Jim Smith Sr. and His Mission to Preserve a Brand and Its Many Sounds
How many guitars is enough? The question
is, perhaps, unanswerable. Understandably,
guitar collections are dynamic things. They
constantly evolve and change depending on
cash flow, eBay and the gems found hanging
high at your local indie music store. In most
cases, it is the collection itself that is the Holy
Grail rather than any one of its pieces.
By Max MoBley
companies like Martin or Gibson make instru-
ments whose origin and date of birth can
usually be traced. Washburn instruments,
on the other hand, don’t necessarily leave
much of a trail—which shouldn’t cause their
instruments to be judged harshly. After all,
tone and feel deserve precedence over pedi-
gree. In researching Washburn’s history, most
end up at Jim Smith Sr., and his American
Multimedia Studios in Hayes, Va., so who
better to talk to about that legacy and his
outstanding collection of Washburn acoustic
guitars than the man himself.
is insured for $750,000. We have two sepa-
rate warehouses that are climate controlled.
We have one in Alabama, and we have
another one up here in Virginia.
Archivist and collector Jim Smith Sr. doesn’t
collect guitars just for their beauty, tone or
scarcity. He collects them in the name of
preservation. Jim has been a Washburn collector for a decade and a half. In that short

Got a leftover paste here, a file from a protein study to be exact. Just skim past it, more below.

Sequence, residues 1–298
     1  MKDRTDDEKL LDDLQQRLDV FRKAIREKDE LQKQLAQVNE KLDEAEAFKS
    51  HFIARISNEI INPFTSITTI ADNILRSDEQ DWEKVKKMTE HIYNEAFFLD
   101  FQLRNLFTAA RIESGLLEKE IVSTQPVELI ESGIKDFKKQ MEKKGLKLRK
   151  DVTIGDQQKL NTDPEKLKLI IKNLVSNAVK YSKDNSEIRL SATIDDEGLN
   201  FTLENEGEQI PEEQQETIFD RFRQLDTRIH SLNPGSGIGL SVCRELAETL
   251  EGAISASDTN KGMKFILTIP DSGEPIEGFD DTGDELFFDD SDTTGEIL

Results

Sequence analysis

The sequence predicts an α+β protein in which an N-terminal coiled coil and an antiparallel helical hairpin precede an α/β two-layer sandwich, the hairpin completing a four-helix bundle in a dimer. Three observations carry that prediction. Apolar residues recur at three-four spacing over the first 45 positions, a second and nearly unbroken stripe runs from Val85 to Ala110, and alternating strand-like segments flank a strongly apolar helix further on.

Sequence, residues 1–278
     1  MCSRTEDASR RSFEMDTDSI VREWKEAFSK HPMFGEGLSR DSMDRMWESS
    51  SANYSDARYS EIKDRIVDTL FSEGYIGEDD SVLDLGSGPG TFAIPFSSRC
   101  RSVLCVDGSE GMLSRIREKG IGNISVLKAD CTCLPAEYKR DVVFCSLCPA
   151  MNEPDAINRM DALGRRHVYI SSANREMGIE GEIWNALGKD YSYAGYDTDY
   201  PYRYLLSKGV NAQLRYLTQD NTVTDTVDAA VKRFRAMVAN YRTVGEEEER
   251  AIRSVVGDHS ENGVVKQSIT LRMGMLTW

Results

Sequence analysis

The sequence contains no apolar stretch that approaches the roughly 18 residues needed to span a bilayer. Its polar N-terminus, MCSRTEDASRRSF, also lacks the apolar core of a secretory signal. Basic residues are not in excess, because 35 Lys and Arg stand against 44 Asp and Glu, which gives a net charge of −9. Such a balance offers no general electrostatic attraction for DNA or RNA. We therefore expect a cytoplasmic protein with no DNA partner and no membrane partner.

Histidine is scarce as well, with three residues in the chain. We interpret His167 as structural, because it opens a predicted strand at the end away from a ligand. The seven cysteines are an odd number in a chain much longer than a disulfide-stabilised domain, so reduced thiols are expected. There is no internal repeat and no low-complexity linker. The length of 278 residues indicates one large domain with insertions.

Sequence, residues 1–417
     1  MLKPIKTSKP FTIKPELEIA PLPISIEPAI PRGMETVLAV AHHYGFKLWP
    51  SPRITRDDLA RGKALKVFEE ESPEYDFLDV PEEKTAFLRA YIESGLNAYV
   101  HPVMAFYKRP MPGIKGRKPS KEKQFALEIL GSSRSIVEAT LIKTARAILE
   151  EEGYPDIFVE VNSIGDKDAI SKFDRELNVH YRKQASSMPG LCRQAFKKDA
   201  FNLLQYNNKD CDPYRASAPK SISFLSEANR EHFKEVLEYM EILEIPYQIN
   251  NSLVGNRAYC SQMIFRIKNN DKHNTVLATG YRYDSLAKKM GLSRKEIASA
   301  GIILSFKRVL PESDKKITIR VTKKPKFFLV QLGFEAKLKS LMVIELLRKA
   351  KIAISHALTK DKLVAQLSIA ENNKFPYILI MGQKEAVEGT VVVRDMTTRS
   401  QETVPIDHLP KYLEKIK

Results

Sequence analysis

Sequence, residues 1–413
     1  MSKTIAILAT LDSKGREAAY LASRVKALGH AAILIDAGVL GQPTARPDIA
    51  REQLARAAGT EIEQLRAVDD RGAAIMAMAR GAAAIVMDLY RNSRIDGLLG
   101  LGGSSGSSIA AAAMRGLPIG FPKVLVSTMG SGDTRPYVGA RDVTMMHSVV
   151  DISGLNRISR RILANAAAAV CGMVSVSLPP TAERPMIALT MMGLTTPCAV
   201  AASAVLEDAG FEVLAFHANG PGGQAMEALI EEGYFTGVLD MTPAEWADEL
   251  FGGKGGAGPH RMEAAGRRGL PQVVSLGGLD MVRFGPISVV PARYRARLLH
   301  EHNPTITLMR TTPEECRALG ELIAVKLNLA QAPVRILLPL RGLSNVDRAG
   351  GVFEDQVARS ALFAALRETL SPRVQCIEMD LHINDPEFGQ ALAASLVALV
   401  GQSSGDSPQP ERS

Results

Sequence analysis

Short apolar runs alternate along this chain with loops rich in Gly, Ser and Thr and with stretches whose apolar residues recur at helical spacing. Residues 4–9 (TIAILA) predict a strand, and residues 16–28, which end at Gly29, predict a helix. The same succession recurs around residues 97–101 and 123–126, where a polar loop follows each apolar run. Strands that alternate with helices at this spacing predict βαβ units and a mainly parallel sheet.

time, he has amassed the world’s largest
personal collection of Washburn acoustics,
and perhaps the largest personal collection of
acoustic guitars, period.
How many Washburn guitars do you have?
Right now, it’s a little over 500. I don’t keep
an exact count. When something becomes
available that we don’t have in the collection,
then we go after it.
What drew you to Washburn?
Well, I’d been playing music and playing
guitar for 35 years and I’d never owned a
really good guitar. I always played something
cheap. I’d wear it out, and then I’d buy something cheap again. And in 1995, I decided I
wanted to buy at least one really nice acoustic guitar to play. And my local Washburn
dealer drew my attention to a Washburn
Presentation that was introduced in 1995
and available in 1996. So that’s what got me
started with Washburn.
In spite of its broad success, Washburn
remains a small company. And as a small
company, Washburn has focused on the
business of building, importing and distributing their products; not on heritage. Historic
Any idea how much it’s all worth? And wow
do you maintain a collection that large?
You know, I thought you were going to ask
that, so we did some math and the collection
So the first guitar in your collection was a
Actually, my very first Washburn was an EA10
model, but it was a real cheap introduction model. [My dealer] had mentioned the
134 PREMIER GUITAR DECEMBER 2009